Year 2 (CY 2019) Year 3 (CY 2020) Year 4 (CY 2021) Minimum Overall APM Ratio Minimum Risk-Based APM Ratio >= 25% >= 10% Year 1 Overall APM % +25% Year 2 Overall APM % + 25%

Year 1 Risk-Based APM % +25% Year 2 Risk-Based APM % + 25% >= 50% >= 25% 18 Staff Updates Current Initiatives Summary of Achievements, 2016-2017 Published inaugural legislative report with recommendations and guidance for increasing the availability of patient and family focused palliative care in Texas.

Launched and continue to update the first Texas Health and Human Services (HHS) system palliative care website resource for patients, families, and interdisciplinary professionals. Planned and administered the first annual palliative care interdisciplinary continuing education event awarding approximately 250 hours. 19 Staff Updates Current Initiatives Summary of Achievements, 2016-2017 Engaged palliative care stakeholders from across the state, continually updating its comprehensive contact list for the state of Texas.

Developed methods to track and report on Texass inpatient hospital palliative care registry grade and other measures of palliative care access. Commissioned a statewide, population based data collection initiative to assess completion of advance care planning documents in Texas, including analysis of selected demographic groups. 20 Staff Updates Current Initiatives Summary of Achievements, 2016-2017 Raised the profile of palliative care as a significant area of opportunity for improving overall healthcare quality in Texas. 21

Staff Updates Current Initiatives Palliative Care Video Project Interviewing at least two palliative care service providers, Dr. Craig Hurwitz and Ms. Erin Perez, and two people, including family members, who have received palliative care services. Educational video will be used on the HHS Palliative Care website. Timeline: Preproduction: 6/1/2018 to 6/30/2018 Production: 7/1/2018 to 7/27/2018 Postproduction: 7/28/2018 to 8/31/2018 22 Staff Updates Current Initiatives Fall continuing education (CE) event Will discuss possible learning objectives and topics

later in the meeting (possible topics include: 2018 legislative report, Do-Not-Resuscitate orders/advance care planning, and opioids) The Planning Committee will work with Department of State Health Services Goals: Credit for multiple disciplines Include at least one ethics credit Live event available in person and through webinar 23 Staff Updates Current Initiatives Fall CE Event Proposed Timeline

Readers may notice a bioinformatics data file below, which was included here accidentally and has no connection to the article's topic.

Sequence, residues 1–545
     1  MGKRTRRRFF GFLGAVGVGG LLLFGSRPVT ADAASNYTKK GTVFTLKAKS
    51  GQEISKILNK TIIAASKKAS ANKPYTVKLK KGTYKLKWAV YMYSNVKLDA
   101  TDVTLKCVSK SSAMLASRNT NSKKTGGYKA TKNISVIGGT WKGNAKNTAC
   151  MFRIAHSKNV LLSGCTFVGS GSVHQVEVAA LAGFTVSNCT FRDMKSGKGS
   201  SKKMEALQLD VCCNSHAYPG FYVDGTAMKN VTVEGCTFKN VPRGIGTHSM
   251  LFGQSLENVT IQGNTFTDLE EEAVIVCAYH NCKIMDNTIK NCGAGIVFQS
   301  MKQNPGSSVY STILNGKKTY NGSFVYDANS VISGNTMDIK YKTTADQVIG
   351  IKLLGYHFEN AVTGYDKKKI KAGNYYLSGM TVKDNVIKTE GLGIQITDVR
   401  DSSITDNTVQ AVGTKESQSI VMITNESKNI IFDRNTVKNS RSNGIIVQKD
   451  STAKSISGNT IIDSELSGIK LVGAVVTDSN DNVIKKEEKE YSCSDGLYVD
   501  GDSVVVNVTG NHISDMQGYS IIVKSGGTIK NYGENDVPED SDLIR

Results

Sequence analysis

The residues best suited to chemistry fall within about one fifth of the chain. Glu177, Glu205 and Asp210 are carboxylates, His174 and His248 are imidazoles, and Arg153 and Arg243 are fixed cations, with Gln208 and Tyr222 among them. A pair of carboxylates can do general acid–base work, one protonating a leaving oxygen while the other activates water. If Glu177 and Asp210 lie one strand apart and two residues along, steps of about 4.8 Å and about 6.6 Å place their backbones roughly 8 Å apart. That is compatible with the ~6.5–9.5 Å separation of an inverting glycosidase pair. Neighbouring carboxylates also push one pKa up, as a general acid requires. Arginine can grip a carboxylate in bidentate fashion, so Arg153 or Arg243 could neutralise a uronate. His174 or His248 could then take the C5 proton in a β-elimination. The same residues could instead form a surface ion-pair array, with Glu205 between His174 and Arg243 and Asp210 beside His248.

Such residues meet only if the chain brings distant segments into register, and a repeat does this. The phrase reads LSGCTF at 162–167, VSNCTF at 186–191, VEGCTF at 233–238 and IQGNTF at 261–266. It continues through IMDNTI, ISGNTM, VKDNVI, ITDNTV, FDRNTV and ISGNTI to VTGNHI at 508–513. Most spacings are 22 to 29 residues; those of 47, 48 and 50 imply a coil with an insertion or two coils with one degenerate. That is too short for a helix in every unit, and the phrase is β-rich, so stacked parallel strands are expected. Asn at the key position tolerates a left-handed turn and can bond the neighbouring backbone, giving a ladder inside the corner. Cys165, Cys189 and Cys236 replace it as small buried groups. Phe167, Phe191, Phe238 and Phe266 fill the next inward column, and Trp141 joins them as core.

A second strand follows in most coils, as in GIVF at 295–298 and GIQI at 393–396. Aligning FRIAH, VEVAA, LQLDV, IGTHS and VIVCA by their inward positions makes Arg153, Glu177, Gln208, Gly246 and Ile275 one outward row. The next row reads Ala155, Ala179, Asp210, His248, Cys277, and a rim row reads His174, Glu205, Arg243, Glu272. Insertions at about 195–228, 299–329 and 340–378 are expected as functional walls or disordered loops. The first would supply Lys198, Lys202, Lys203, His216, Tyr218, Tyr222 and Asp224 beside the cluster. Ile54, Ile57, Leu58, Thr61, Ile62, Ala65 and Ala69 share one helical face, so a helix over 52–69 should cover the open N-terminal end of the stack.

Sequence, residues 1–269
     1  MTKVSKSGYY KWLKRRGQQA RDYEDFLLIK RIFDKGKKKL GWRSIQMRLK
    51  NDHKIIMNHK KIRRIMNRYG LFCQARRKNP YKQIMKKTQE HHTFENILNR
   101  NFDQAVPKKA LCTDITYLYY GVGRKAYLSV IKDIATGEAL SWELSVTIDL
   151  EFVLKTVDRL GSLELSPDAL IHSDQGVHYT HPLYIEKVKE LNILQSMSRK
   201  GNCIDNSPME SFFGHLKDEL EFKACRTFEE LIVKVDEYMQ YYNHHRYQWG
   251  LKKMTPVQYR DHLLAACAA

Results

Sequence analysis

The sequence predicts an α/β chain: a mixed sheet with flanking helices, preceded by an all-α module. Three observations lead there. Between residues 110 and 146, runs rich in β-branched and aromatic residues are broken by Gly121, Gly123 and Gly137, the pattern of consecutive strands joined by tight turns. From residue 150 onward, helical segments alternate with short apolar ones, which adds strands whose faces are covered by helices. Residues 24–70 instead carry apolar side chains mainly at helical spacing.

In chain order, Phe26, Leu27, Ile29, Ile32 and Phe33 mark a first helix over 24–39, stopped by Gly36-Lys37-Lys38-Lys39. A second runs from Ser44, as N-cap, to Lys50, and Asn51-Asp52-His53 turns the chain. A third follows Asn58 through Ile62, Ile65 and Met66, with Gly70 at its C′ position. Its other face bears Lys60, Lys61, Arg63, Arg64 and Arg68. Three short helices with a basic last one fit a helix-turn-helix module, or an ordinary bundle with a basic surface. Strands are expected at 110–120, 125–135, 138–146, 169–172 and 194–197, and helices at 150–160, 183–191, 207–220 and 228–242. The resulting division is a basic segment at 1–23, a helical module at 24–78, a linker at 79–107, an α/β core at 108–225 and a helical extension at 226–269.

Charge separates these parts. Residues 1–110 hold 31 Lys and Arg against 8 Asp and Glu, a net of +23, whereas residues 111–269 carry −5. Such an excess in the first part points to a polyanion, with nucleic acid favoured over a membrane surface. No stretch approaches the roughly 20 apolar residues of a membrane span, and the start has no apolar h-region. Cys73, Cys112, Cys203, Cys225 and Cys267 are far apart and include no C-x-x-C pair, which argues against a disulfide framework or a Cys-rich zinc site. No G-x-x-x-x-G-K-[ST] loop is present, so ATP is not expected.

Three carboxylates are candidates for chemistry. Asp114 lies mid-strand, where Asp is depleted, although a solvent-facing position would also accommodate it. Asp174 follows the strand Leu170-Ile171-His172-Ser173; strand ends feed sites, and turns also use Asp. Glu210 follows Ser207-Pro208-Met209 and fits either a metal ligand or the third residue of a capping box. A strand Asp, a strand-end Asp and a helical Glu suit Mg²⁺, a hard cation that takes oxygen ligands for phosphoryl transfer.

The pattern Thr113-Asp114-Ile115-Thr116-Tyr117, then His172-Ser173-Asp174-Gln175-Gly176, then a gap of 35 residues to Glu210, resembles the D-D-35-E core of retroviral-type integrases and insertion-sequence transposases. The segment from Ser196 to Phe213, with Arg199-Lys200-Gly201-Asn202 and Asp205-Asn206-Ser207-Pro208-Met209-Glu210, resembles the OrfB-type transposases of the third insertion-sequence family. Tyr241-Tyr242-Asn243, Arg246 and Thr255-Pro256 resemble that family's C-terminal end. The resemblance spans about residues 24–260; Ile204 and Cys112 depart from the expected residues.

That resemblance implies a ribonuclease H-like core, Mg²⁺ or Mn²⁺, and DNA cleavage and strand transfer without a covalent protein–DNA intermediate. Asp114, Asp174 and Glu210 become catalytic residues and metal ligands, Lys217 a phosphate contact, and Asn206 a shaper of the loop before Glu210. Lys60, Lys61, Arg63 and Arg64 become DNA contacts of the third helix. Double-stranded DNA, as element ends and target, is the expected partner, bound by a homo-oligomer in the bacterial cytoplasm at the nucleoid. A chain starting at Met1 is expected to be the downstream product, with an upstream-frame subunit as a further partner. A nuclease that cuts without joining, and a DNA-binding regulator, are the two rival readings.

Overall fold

June Determine CE topics, presenters, and Planning Committee members July Work with presenters and Planning Committee to organize event and complete CE packet: Planning committee disclosure forms Speaker biographical information Learning needs assessment/learning objectives Program structure and content Evaluation 24 Staff Updates Current Initiatives Fall CE Event Proposed Timeline, cont.

August CE packet due (60 Days Prior to event) Promotional efforts Registration form/link to webpage Save the date announcement September Promotional efforts Registration October CE event Post event: Evaluation and certification 25 Palliative Care Interdisciplinary

Advisory Council Palliative Care Data Update 26 Palliative Care Data Palliative Care Data Currently tracking or developing data in five areas: 1. Hospitals reporting palliative care programs 2. Interdisciplinary health professionals with a palliative care specialty or credential 3. Palliative care fellows 4. Individuals completing advance care planning documents 5. Disparities in infrastructure across regions 27 Palliative Care Data

Hospitals Reporting Palliative Care Service Programs U.S. & Texas, 2012-2015 Data Staff Bed Size 50 > 300 Number Percent Number Percent Source Year CAPC U.S. 2012/ 2013

1,591/ 2,393 67% 659/ 732 90% In-house Texas 2014 87/205 42% 42/59

71% In-house Texas 2015 96/207 46% 41/58 71% In-house Texas 2016 98/201

49% 44/58 76% Note: Results are based on CAPC cohort definitions. Analyses were limited to general medical and surgical, cancer, or heart hospitals with fifty or more licensed beds based on data from the American Hospital Association Annual Survey of Hospitals. Veterans Administration and Indian Health Service 28 facilities were excluded. Palliative Care Data Palliative Care by Profession in Texas Professional Category Physicians with Palliative Specialty Number Number 2015

2017 % Increase 275 332 21% 51 78 53% 224 254 13%

Certified APRN 46 73 59% Certified Hospice Medical Director 19 26 37% Palliative Medicine Fellow 20

27 35% Primary Secondary 29 Palliative Care Data Advance Care Planning Two questions included as part of 2018 Texas Behavioral Risk Factor Surveillance System (BRFSS) survey: 1. If a terminal illness or serious accident left you unable to communicate, would a family member, friend, doctor, or other person know your medical or health care treatment